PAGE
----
Following a series of allegations of sexual harrassment and abuse against multiple Ubisoft employees at several studios, the company have laid out more of their plan to change.
"We have significant work to do to improve the ways in which we operate and collaborate, and I am personally committed to ensuring we make these fundamental changes," Ubisoft CEO Yves Guillemot said. "They need to be profound, and we need to implement them quickly at all levels of the organisation."
Guillemot made the statements in an internal letter to staff on Thursday, which the company then shared publicly. Ubisoft admitted last week that they "must do better" in the wake of the accusations from colleagues and the public alike, which were made against employees from the rank and file up to high-ranking and influential positions.
"The situations that some of you have experienced or witnessed are absolutely not acceptable," Guillemot said in yesterday's letter. "No one should ever feel harassed or disrespected at work, and the types of inappropriate behaviour we have recently learned about cannot and will not be tolerated. To those of you who have spoken up or have supported colleagues, I want to be clear: you are heard, and you are helping drive necessary change within the company."
He announced that Lidwine Sauer of Ubisoft's Strategic Innovation Lab has been appointed the first head of workplace culture, and she will create "an international and diverse multidisciplinary working group within Ubisoft to support these efforts." They're also planning to send out a company-wide survey they say will be anonymous, to establish a way to confidentially report inappropriate behaviour through a third-party whistle-blowing service, to hold "employee listening sessions", and to call in an external consulting firm to audit their policies.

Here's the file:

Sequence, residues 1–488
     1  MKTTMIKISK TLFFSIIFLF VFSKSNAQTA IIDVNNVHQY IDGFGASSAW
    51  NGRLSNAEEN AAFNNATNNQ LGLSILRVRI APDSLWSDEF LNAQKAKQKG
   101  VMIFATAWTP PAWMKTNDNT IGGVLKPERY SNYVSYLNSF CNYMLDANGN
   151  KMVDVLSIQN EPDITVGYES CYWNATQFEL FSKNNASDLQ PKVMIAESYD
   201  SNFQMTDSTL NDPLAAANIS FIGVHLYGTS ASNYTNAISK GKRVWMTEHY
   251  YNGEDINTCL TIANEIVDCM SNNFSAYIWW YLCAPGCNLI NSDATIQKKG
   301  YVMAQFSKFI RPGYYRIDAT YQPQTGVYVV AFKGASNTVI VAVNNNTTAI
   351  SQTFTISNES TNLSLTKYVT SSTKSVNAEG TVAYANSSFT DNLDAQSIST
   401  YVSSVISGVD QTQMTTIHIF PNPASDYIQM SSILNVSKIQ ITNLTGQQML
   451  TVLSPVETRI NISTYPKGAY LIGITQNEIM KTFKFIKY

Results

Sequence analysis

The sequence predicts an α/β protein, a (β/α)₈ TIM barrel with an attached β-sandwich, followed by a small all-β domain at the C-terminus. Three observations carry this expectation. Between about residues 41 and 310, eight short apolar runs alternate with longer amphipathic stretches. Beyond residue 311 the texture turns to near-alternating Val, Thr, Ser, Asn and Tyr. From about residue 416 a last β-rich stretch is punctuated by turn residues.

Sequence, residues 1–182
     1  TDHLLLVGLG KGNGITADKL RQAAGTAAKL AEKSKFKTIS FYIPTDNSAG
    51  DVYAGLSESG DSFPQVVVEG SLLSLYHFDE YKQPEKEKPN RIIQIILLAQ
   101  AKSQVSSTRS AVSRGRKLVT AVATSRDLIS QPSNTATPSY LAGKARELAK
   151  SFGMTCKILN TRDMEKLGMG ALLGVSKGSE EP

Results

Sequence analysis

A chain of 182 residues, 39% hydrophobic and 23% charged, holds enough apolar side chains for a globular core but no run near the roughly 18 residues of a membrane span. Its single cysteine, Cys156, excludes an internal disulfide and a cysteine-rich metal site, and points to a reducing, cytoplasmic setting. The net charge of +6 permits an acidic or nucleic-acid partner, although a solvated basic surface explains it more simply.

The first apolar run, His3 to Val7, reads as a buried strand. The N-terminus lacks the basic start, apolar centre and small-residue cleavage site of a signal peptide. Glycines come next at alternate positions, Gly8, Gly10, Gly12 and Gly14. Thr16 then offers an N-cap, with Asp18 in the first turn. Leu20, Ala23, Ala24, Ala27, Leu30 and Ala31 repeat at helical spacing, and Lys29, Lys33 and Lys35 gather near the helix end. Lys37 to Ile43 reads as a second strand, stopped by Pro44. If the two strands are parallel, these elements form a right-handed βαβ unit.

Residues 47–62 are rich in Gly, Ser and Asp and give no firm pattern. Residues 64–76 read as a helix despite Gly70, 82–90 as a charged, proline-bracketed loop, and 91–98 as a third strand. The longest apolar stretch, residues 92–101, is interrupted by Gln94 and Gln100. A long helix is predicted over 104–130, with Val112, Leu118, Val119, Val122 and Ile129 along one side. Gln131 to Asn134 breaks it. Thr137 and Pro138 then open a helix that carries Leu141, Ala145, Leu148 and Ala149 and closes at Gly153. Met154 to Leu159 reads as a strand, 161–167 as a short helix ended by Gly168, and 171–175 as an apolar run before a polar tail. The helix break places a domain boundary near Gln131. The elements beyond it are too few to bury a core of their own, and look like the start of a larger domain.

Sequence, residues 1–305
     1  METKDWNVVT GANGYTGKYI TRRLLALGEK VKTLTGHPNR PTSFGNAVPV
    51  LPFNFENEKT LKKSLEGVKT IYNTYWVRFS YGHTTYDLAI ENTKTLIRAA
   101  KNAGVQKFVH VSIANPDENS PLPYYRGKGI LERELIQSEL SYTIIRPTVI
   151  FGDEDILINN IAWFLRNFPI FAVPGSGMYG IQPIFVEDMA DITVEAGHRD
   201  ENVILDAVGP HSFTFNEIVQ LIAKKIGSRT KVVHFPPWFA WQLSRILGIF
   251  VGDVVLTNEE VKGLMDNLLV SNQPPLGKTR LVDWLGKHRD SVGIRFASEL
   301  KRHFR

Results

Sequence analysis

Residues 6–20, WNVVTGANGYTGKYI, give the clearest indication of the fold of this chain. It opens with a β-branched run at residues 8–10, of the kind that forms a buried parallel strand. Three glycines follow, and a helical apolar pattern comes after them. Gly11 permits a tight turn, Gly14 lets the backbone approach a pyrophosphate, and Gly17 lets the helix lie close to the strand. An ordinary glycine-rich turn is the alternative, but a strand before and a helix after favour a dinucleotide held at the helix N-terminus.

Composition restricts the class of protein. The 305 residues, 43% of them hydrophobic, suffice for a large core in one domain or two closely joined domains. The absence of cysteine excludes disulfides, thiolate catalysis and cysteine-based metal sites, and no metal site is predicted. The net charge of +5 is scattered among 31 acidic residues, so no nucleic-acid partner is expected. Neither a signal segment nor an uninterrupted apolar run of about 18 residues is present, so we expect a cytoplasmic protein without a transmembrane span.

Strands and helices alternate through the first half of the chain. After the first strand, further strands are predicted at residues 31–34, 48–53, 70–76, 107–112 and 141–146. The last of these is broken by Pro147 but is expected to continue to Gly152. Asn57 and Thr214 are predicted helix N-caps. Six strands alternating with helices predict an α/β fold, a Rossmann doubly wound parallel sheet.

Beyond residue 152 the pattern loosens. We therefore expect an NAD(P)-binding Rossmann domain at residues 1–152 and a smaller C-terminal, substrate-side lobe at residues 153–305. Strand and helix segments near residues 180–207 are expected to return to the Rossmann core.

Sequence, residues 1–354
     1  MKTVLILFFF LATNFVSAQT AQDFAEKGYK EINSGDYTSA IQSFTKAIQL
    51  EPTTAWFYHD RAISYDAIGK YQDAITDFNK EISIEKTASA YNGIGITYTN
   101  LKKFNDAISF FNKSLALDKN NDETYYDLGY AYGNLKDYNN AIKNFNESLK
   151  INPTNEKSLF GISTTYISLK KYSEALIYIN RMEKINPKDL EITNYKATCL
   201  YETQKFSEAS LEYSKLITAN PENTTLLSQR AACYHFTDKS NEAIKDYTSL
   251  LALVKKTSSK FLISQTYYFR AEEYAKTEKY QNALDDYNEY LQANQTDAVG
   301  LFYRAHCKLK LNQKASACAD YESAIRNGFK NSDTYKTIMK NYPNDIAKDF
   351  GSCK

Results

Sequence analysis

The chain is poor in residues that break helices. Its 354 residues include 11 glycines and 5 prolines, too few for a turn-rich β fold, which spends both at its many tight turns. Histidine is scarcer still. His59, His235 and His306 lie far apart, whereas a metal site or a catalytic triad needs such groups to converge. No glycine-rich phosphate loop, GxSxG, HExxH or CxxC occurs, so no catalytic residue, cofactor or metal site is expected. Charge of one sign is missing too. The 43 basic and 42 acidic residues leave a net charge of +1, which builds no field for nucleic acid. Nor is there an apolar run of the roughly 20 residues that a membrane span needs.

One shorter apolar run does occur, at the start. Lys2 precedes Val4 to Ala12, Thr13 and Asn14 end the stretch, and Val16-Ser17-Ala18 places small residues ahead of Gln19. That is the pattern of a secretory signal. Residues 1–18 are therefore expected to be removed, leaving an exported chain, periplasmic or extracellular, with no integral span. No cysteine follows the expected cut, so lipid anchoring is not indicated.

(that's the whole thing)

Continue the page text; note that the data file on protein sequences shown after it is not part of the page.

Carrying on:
"We are not looking for a quick fix, but rather a structural shift at Ubisoft that fully aligns with our values – values that do not tolerate toxic behaviours and where everyone feels safe to speak out. We must do everything we can to ensure no one is in these situations ever again. With this in mind, I also am putting in place a series of initiatives that will serve as a roadmap as we listen, learn, and act. I will need everyone to work together to build and implement them so that respect for others remains one of the pillars of Ubisoft's culture."
I dislike companies talking about their "values" as if your actual values are not in how you treat people. In light of recent allegations, Ubisoft's values seem to have tolerated toxic behaviours and made people feel unsafe to speak out, and it appears that respect for others was not a pillar of their culture. I'm reminded of Riot Games a few years back saying their company values had "served [them] well for many years" but needed to change, when evidently their values had served many people poorly.
Guillemot did not give any update on investigations into employees, which Ubisoft say are being carried out by independent third parties. He said they "must take the time necessary to ensure that they are carried out with the required rigour." Reports claim two executives are among the employees suspended pending investigation.
The past few weeks have seen hundreds of accusations of sexual harrassment and abuse against developers, streamers, media, and more figures in video games. It's not just Ubisoft. The Evo fighting games tournament, due to happen this weekend, has been called off following allegations against its now-former CEO.
Electronic Arts similarly insisted in a public statement this week, "We take every allegation seriously and we investigate it. We are deeply committed to ensuring there is safe space for people to come forward and taking the right actions on behalf of our community."